One of the great outdoor treasures of the North Atlanta area is the Chattahoochee River National Recreation Area. Consisting of a series of units from Buford Dam downriver along the Chattahoochee to inside I-285, this unique park is closely tied to the river and offers outdoor recreation opportunities for just about everyone – including some truly great hiking that you never think you’d find in the big city.
When it comes to hiking, it seems that every outdoors enthusiast has a favorite CRNRA unit. In fact, I was talking with a fellow hiker about that just the other day.
“They’re all good,” he said. “But I’ve always been particularly fond of Jones Bridge.”
The Jones Bridge Unit of CRNRA is east of Ga. 400 and is easy to reach via Holcomb Bridge Road and Barnwell Road. Its central feature is, as you might expect, Jones Bridge.
Well, that’s not exactly true. The central feature is really just half of Jones Bridge.
So where’s the other half? That’s a good question.
In the early 19th century, an early area resident named John Martin purchased land on both sides of the river. As it happened, and since the river at that point formed the county boundary, he actually ended up with property in two counties – Fulton and Gwinnett. That becomes significant, as we’ll see in a minute.
What did Martin do with his new land? He eventually operated a ferry there. It was first called Martin’s Ferry but eventually became known as Jones Ferry. In the absence of an actual bridge, it was the only way to cross the river there if you wanted to stay dry in the process.
But progress marches on. In 1904 a bridge was built to replace the ferry. The new bridge was welcomed by the folks who lived in the area, for it provided a quick and easy way to cross.
But the bridge suffered the ravages of time and weather, and by the 1930s it had become unsafe. Neither county wanted to cover the needed repairs and so the bridge was eventually closed.
Today, you can still see the steel framework of half the bridge. It’s on the Fulton County side just upriver from the Jones Bridge Unit’s main parking area. The spidery remains, rusted and aging, seem to float out over the water – and then they simply stop halfway to the other side.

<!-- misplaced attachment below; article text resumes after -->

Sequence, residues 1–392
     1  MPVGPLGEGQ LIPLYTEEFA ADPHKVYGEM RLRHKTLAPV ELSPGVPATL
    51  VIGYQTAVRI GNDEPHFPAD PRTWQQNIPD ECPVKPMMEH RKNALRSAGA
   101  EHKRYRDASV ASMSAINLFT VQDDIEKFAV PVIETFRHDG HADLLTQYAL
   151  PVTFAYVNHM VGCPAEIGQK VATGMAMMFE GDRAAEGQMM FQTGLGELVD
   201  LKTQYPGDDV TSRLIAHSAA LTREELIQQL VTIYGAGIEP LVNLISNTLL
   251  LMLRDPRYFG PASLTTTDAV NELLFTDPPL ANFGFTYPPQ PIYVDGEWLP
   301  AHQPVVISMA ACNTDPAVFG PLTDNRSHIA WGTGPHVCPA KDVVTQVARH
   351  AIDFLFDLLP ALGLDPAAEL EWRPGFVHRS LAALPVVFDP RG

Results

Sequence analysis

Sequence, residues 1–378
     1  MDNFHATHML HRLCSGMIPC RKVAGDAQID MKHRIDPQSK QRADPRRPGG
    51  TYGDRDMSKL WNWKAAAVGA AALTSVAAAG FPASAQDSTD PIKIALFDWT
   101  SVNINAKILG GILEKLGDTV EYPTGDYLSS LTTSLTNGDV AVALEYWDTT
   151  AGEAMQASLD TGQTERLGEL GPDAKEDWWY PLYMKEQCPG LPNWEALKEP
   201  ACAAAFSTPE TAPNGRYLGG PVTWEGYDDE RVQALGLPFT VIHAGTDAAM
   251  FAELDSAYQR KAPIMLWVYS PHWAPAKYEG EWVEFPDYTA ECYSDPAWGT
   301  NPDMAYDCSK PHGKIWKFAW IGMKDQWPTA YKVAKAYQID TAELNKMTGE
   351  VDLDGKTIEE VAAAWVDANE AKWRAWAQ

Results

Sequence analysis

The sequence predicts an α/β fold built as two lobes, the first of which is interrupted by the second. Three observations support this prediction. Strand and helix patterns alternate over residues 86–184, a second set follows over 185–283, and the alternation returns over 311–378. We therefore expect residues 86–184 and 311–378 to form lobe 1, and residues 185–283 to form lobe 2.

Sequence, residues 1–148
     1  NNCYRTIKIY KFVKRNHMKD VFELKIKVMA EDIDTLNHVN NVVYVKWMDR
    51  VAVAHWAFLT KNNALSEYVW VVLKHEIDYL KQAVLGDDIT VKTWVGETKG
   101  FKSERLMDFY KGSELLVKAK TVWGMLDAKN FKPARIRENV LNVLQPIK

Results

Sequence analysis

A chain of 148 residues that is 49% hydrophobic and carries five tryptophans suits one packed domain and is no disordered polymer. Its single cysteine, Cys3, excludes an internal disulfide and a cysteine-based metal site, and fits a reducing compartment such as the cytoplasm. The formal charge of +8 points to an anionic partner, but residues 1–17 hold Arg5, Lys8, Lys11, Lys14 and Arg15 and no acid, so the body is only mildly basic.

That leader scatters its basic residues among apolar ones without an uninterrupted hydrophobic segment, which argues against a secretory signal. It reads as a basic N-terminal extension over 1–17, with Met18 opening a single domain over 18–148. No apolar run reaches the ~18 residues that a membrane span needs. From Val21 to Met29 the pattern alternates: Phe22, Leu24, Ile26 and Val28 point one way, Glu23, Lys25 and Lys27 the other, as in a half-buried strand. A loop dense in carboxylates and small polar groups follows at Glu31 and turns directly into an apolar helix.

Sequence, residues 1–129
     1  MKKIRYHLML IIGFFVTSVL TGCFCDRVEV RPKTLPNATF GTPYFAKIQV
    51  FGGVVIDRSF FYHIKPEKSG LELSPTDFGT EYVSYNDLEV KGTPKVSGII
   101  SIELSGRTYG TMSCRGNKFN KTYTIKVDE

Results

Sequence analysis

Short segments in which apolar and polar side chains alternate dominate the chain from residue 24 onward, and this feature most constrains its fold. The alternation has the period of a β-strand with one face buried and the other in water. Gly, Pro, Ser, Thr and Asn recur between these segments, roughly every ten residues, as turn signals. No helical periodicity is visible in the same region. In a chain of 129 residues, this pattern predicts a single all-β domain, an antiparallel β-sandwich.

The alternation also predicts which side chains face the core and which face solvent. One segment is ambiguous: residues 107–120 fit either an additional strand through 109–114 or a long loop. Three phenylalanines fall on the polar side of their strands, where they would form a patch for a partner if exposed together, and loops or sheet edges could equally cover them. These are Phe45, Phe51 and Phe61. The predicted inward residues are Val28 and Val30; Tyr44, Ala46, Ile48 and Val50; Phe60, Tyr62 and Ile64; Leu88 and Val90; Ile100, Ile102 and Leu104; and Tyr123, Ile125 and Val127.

But what happened to the other half of the bridge?
The story goes that sometime in the 1940s, people began to notice workers cutting up and removing sections of the old bridge. Everyone assumed that the work was official. But it turns out that the folks taking the bridge apart were actually stealing it, probably to sell as scrap metal.
They got away with half the bridge, too, but the other half remains there today.
When you visit the Jones Bridge Unit, you can easily see the remains of the old bridge. From the parking area at the far end of the Jones Bridge Unit access road, it’s just a short hike upstream. Believe it: you literally can’t miss the old bridge.
This unit offers some great hiking opportunities too. Two routes come to mind.
One is a fairly short hike which heads upriver from the main parking area to the remains of the old bridge and then loops counterclockwise through the woods and back to the parking area. It’s great for a taste of what CRNRA hiking is like.
The other hiking opportunity at Jones Bridge – the so-called south-end trail system – takes you quite a ways downriver and includes floodplain hiking as well as upland hiking. This is in-and-out hiking which eventually leads to a spiderweb network of interconnecting pathways that offer seemingly limitless hiking opportunities. All sorts of routes are possible there. Just remember that with so many options on the south end trails, it’s easy to lose track of time. You don’t want to be late for supper!